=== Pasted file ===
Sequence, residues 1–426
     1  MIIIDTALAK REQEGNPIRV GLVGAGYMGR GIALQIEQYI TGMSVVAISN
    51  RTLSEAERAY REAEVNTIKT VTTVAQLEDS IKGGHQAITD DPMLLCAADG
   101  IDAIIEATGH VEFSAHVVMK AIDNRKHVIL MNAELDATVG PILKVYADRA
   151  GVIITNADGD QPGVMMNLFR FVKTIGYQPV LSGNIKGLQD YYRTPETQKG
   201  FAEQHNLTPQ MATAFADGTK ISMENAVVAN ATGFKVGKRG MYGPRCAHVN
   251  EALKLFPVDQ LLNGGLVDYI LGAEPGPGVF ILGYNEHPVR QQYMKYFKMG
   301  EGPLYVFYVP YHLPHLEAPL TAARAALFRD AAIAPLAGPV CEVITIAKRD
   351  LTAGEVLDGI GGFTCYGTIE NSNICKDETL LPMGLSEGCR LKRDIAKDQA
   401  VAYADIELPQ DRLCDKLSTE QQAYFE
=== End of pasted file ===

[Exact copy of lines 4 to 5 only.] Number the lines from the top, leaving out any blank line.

   101  IDAIIEATGH VEFSAHVVMK AIDNRKHVIL MNAELDATVG PILKVYADRA
   151  GVIITNADGD QPGVMMNLFR FVKTIGYQPV LSGNIKGLQD YYRTPETQKG